Latest HIQA reports show some hospital hygiene standards not being metThursday 19 December 2013 22.57
A report by the health watchdog has found that the National Maternity Hospital, Holles Street, was not compliant with some national hygiene standards following an unannounced inspection in October.
The Health Information and Quality Authority found that the patient environment was generally clean in both areas it inspected.
But there were opportunities for improvement regarding the cleanliness of the patient equipment, the report stated.
In one postnatal ward it inspected, the authority found a used clinical dressing was in a tray in a patient shower area and a heavy layer of dust was visible on the underneath surface of neonatal incubator.
In another area, large wheeled clinical waste storage bins were inappropriately stored in a stairwell adjacent to the postnatal wards.
The authority said it acknowledges the infrastructural challenges of an older building and has noted that the Dublin hospital has an action plan to reduce storage in corridors.
The authority also found that a culture of hand hygiene is not yet operationally embedded throughout the hospital.
It found that 45% of the hand hygiene opportunities observed by the authority during the monitoring assessment were taken by the hospital staff.
HIQA said the hospital must now develop a quality improvement plan and will be subject to a follow-up assessment.
In a statement, the National Maternity Hospital said it was committed to further improving its performance.
It added that at the time of the audit, the hospital had commenced internal structural improvement programmes.
HIQA also found that the physical environment and patient equipment at St Luke's Hospital, Rathgar, was clean and well maintained, though with some exceptions.
If follows an unannounced inspection of the hospital by the authority last October.
The authority says while there was evidence of good practice, there was also evidence of national standards not being met.
It found the vinyl covering on a chair located in a single room was torn hindering effective cleaning, a light layer of dust was visible on electrical fittings, and a small amount of black matter was visible between the base of the shower and the wall in the washroom assessed.
The authority says the level of hand hygiene compliance observed across staff grades at the hospital at the time of monitoring was 82% indicating, the authority says, that a culture of hand hygiene practice is becoming embedded among staff in the hospital.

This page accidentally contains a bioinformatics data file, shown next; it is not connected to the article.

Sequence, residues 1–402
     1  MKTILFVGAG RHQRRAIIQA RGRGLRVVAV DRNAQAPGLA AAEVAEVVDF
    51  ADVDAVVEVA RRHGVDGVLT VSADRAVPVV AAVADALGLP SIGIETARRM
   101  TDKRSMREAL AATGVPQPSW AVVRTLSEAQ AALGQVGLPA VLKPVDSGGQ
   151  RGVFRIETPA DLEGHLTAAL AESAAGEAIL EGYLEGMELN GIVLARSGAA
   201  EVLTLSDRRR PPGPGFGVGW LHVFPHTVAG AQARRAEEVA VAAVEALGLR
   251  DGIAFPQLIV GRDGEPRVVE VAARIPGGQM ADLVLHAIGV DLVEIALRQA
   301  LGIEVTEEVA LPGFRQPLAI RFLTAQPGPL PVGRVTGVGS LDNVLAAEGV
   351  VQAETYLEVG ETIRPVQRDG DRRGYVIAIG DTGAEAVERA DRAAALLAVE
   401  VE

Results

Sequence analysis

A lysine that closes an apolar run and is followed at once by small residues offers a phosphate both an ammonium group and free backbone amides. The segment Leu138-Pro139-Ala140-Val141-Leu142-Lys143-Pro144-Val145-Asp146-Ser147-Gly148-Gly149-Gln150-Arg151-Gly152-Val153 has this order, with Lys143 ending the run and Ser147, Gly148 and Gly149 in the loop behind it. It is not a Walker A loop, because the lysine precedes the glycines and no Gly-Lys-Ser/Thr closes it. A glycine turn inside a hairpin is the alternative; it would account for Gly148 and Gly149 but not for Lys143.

HIQA also found that the physical environment and patient equipment at Our Lady of Lourdes Hospital, Drogheda were clean and well maintained, but found some exceptions.
The authority made an unannounced inspection of the hospital in October and found evidence of food practice in areas such as waste segregation, the maintenance of lines and the upkeep of isolation rooms.
However, the authority found that bed spacing in the seven bedded ward was not planned and managed in a way that minimises the risk of spread of healthcare associated infections in accordance with national standards.
It found there was rust coloured staining and black marks were visible in a shower tray in a washroom assessed and a workstation was cluttered, rendering adequate cleaning difficult.
The authority says it observed 26 hand hygiene opportunities, 24 of which were taken equating to a 92% compliance rate indicating.
The authority found that a culture of hand hygiene practice is well embedded among staff in the hospital.
The hospital must now develop a quality improvement plan that prioritises the improvements necessary to fully comply with national standards.
The plan must be published within six weeks.
HIQA found evidence of significantly improved hand hygiene compliance among staff at Beaumont Hospital and St Joseph's Hospital after it carried out an announced inspection last month.
It follows on from an unannounced assessment in July.
The authority said clinical areas and patient equipment assessed had mostly improved with some exceptions.
It also says there was evidence of key posts associated with infection prevention being vacant for prolonged periods in the recent past, but all posts are now filled.
However, the authority finds a lack of adequate isolation facilities poses risk to patients of contracting infections.
It also found that a number of areas were identified that could potentially increase the possibility of patients contracting healthcare associated infections.
These risks have resulted in six recommendations being made to improve prevention.
While the authority found good practice in areas such as waste segregation, linen hygiene and isolation rooms, they did find evidence of practice that was not compliant with national standards.
They found sanitary waste disposal facilities were not available in the washroom assessed, rust coloured staining was visible at the wheel areas and base of a commode and chipped paint on radiators in a patient area.